Top 100 Films Of The 2010’s – #92 – Shutter Island (2010)


RELEASED: 12th March 2010

DIRECTOR: Martin Scorsese

CAST: Leonardo DiCaprio, Mark Ruffalo, Ben Kingsley, Max von Sydow, Michelle Williams, Emily Mortimer, Patricia Clarkson, Jackie Earle Haley, Ted Levine, John Carroll Lynch, Elias Koteas, Ruby Jerins, Robin Bartlett and Christopher Denham

BUDGET: $80m

BOX OFFICE WORLDWIDE: $294.8m

AWARDS: None

In 1954, a U.S. Marshal investigates the disappearance of a murderer who escaped from a hospital for the criminally insane.

 

The film opens with U.S Marshals Edward ‘Teddy’ Daniels and his new partner Chuck Aule, making their way towards Ashecliffe Hospital for the criminally insane on Shutter Island to investigate the disappearance of a patient named Rachel Solando. While a massive storm hits the island, preventing them from returning to the mainland for a few days, Teddy and Chuck try to get clues into Solando’s disappearance but get an icy reception from staff and when they’re refused access to the hospital records, Teddy begins to doubt everything around him the longer he stays on the island, his memory, his partner, and his own sanity.

 

Based on the novel of the same name by Denis Lehane, Martin Scorsese handles this physiological noir with unease with the viewers senses, as we know something is quite not right with Teddy Daniels as the gothic setting he finds himself in on the island triggers his past traumas, from the war to his deceased wife, yet it’s other characters that also trigger feelings of untrustworthy, particularly in regard’s to Dr. John Cawley, lead physiatrist on Shutter Island, who tries to be friendly with the detectives yet you can help but feel there’s a certain menace behind that smile. The case raises a lot of questions and those questions raise even more questions as the film progresses. It feels very Hitchcockian in how the film paces, especially with how Scorsese shoots the terrain as Teddy wonders what mysteries hide in the Lighthouse, the cinematography work from Robert Richardson is gorgeous here. The film works perfectly well on first viewing, though its final act has been well talked about now since its released, and I think it is also effective still on repeated viewing, helped by the performances from its cast, particularly Leonardo DiCaprio as the lead as well as Mark Ruffalo and Ben Kingsley supporting.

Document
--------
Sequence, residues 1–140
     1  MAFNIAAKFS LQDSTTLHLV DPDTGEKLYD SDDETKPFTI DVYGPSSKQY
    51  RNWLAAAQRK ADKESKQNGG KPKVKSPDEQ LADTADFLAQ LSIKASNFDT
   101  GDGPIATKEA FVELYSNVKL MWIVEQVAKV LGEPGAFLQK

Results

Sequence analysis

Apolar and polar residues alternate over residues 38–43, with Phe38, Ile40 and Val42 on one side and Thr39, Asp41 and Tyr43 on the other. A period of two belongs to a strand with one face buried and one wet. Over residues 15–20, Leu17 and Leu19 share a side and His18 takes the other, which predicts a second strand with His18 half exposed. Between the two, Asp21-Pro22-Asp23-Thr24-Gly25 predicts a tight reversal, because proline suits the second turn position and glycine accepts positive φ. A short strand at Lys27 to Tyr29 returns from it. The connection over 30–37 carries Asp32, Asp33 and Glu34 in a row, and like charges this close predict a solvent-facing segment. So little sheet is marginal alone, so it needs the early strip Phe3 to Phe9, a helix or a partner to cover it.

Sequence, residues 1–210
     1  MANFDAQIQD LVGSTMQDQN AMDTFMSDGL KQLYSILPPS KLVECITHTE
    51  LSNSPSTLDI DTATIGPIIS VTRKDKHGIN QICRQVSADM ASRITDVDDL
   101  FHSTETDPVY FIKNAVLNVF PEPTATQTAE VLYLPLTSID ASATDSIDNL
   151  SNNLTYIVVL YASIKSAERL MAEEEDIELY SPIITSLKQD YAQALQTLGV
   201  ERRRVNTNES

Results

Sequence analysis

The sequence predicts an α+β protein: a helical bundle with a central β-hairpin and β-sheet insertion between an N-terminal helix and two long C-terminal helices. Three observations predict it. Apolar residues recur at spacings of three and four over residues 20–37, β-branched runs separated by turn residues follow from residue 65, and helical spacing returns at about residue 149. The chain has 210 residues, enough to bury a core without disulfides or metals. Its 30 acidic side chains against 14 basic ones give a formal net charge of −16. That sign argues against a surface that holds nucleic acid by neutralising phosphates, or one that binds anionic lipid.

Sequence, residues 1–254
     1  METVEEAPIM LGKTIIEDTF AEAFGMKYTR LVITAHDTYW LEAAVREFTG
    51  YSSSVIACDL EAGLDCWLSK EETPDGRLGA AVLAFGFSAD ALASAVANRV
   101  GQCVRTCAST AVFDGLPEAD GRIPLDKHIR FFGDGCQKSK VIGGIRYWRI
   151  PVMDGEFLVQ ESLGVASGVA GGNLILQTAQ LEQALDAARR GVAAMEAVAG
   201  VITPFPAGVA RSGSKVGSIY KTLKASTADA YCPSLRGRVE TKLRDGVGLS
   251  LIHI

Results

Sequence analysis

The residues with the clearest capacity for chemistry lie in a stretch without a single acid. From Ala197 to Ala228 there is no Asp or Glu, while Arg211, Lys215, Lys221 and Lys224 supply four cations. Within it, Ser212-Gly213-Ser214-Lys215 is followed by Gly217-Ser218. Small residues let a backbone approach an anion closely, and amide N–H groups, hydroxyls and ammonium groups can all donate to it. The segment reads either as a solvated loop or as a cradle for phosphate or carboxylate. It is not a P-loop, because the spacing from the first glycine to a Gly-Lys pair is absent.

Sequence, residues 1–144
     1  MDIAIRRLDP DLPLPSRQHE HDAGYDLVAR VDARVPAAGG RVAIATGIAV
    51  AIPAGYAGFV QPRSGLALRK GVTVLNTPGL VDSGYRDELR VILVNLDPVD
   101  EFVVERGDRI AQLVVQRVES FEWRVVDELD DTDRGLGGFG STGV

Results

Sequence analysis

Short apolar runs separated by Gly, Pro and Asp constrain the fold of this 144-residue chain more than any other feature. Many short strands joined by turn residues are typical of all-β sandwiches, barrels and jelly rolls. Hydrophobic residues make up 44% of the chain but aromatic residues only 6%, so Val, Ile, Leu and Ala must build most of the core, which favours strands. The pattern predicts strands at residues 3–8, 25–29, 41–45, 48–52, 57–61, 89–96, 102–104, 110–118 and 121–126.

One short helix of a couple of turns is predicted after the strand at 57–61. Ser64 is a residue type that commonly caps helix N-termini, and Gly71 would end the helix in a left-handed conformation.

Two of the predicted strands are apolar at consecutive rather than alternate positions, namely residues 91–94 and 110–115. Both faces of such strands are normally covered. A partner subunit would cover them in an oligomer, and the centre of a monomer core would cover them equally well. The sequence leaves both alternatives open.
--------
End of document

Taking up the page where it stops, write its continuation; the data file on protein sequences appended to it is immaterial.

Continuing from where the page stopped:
FAVOURITE SCENE: The final scene once everything comes to fruition.

FAVOURITE QUOTE: “Which would be worse…to live as a monster? Or to die as a good man?” – Teddy Daniels

DID YOU KNOW: The title is an anagram of “truths and lies”, and “truths/denials”.

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